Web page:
Q: (Raptor scaling, Point 2 Point flights)

A: Thrust scaling is the easy part. Very simple to scale the dev Raptor to 170 tons.

The flight engine design is much lighter and tighter, and is extremely focused on reliability. The objective is to meet or exceed passenger airline levels of safety. If our engine is even close to a jet engine in reliability, has a flak shield to protect against a rapid unscheduled disassembly and we have more engines than the typical two of most airliners, then exceeding airline safety should be possible.

That will be especially important for point to point journeys on Earth. The advantage of getting somewhere in 30 mins by rocket instead of 15 hours by plane will be negatively affected if "but also, you might die" is on the ticket. 

 

Edited by DocM

Share this post


Link to post
Share on other sites
DocM    14,397

 

Q: (BFR/BFS thrusters)

 

A: The control thrusters will be closer in design to the Raptor main chamber than SuperDraco and will be pressure-fed to enable lowest possible impulse bit (no turbopump spin delay).

 

Q: (Raptor construction)

 

A: Some parts of Raptor will be printed, but most of it will be machined forgings. We developed a new metal alloy for the oxygen pump that has both high strength at temperature and won't burn. Pretty much anything will burn in high pressure, hot, almost pure oxygen.

  • Like 1

Share this post


Link to post
Share on other sites
Unobscured Vision    2,435

Niiiiice ... An already-cheap lifter gets super cheap when running in SSTO mode. That'll bode extremely cost-efficient when toting crews to the ISS and other LEO Stations. Just add fuel and go. :yes: 

  • Like 1

Share this post


Link to post
Share on other sites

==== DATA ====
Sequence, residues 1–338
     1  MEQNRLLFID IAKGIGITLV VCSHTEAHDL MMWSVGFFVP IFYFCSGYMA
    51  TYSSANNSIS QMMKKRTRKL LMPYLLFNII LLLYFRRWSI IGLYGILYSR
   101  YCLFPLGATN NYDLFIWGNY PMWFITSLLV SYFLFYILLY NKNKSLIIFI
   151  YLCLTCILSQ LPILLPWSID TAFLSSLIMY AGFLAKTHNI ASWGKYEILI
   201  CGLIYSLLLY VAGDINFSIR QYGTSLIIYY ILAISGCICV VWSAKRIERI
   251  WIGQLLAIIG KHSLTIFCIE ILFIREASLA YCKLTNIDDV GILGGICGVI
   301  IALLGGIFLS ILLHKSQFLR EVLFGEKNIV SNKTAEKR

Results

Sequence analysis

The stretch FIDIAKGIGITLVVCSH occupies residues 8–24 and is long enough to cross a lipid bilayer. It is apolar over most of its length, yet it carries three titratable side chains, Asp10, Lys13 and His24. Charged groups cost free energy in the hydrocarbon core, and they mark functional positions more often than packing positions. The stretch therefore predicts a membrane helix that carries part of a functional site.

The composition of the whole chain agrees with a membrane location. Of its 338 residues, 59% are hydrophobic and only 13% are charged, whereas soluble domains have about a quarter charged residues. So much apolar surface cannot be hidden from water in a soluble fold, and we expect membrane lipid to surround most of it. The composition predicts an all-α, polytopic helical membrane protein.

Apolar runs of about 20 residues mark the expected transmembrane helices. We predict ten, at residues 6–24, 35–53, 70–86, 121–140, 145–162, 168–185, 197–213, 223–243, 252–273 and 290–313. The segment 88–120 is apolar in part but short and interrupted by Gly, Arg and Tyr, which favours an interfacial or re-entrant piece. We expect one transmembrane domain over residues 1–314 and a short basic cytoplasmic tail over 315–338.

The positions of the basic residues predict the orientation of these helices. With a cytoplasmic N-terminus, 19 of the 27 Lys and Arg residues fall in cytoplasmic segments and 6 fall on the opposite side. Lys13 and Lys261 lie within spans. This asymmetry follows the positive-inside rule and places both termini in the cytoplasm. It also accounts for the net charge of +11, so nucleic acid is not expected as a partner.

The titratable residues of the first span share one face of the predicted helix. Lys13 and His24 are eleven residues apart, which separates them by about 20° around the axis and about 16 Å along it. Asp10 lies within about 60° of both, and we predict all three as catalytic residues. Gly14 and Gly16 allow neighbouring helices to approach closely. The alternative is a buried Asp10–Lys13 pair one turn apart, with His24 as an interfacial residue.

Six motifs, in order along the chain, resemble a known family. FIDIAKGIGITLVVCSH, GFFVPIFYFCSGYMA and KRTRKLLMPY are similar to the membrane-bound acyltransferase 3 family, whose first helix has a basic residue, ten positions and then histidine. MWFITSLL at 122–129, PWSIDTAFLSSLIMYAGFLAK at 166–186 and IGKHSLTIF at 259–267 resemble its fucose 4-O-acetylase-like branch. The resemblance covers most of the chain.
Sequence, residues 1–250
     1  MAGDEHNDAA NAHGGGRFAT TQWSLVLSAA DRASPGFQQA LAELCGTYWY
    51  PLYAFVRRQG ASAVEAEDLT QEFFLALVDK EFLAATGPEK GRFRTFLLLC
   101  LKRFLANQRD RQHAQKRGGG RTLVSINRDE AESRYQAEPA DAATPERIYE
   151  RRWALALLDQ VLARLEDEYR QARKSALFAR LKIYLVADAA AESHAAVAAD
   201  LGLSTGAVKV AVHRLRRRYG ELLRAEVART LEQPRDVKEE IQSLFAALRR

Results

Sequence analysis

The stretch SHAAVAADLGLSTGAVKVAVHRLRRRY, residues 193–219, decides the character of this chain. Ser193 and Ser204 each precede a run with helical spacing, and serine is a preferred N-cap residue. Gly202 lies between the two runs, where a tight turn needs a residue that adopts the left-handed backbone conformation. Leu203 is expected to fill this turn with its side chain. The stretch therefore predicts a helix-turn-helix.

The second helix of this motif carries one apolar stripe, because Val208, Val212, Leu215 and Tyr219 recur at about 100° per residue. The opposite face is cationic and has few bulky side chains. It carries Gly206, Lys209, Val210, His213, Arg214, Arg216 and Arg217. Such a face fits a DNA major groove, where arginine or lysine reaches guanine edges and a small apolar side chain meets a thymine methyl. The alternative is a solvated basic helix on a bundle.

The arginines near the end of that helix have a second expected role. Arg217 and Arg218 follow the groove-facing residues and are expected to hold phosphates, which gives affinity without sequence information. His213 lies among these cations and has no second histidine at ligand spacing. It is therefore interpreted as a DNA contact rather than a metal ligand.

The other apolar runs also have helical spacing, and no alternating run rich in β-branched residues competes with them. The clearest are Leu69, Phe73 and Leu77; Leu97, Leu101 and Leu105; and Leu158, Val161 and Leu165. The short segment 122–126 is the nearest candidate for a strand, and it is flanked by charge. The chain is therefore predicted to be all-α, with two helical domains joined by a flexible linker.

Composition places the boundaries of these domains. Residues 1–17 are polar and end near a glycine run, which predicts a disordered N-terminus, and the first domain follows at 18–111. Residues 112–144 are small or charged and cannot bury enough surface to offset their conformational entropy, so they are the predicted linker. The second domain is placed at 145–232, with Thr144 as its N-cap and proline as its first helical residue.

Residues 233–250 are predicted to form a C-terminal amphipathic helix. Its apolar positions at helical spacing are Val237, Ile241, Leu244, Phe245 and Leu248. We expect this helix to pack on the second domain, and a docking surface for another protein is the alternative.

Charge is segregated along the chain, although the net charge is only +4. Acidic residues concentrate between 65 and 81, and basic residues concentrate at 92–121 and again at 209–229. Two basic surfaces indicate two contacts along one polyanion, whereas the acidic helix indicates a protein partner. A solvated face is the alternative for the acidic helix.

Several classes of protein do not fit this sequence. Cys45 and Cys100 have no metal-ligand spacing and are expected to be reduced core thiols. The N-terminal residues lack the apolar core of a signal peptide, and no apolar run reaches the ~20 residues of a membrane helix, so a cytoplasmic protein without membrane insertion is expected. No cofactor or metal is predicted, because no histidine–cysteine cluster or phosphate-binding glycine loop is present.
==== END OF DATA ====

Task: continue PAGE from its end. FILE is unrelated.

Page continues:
DocM    14,397

He says an AoM less payload to LEO in SSTO mode, which is still ~14-15 tonnes. That's a lot of Tang & Cheetos.

Share this post


Link to post
Share on other sites
Unobscured Vision    2,435

Bwahaha ... heheh ... nobody will be able to compete with that for at least ten years. Need another? Load it up, fuel it up and send it up. Week turnaround time, max. (The way NASA does things it'd take two, but w/e)

 

No wonder Orbital sold out. They knew they had no way to win against SpaceX.

Share this post


Link to post
Share on other sites
DocM    14,397

Methinks a weekly turn-around is way longer than they're planning. 

  • Like 1

Share this post


Link to post
Share on other sites
Unobscured Vision    2,435

Good. Shorter = better.

Share this post


Link to post
Share on other sites
DocM    14,397

Q: Who will design and build the ISRU system for the propellant depot, and how far along is it?

 

[ISRU: liqiid methane & liquid oxygen production on Mars, rocket propellants]

A: SpaceX. Design is pretty far along. It's a key part of the whole system.

Q: Why was the location and shape of the BFS header/landing tanks changed?

A: The aspiration by the change was to avoid/minimize plumbing hell, but we don't super love the current header tank/plumbing design. Further refinement is likely.

Q: Second, Elon we need 4K rocket porn

A: Ask and you shall receive

Share this post


Link to post
Share on other sites
DocM    14,397

Iridium NEXT #'s 4 and 5 to use Flight Proven™ Falcon 9 launchers, with no change in launch insurance costs.

 

Quote

Iridium Announces Date for Fourth Iridium® NEXT Launch

 

Agreement Signed with SpaceX to Use Flight-Proven First Stage of Falcon 9 Rocket

MCLEAN, Va. – October 19, 2017 - Iridium Communications Inc. (NASDAQ: IRDM) announced today that the fourth Iridium NEXT launch has been targeted by SpaceX for December 22, 2017 at 5:26 p.m. PT [1:26 a.m. UTC on Dec. 23], from Vandenberg Air Force Base. This launch signifies the mid-way point of the Iridium NEXT launch program and will deliver another 10 satellites to orbit, bringing the total number deployed to 40. Targeted for just over two months after the third Iridium NEXT launch, this December date enables Iridium to maintain its planned cadence of completing all launches by mid-2018, even with SpaceX’s busy launch manifest.

To date, 30 Iridium NEXT satellites have been deployed, many of which are already providing service to customers. The new satellites are also now undergoing on-orbit testing for Iridium CertusSM, a major milestone on the path to introducing the company’s next generation broadband service.  Iridium Certus will feature small form factor, cost-effective terminals and antennas, and ultimately offer the fastest L-band broadband solution available, supported by the world's only truly global network.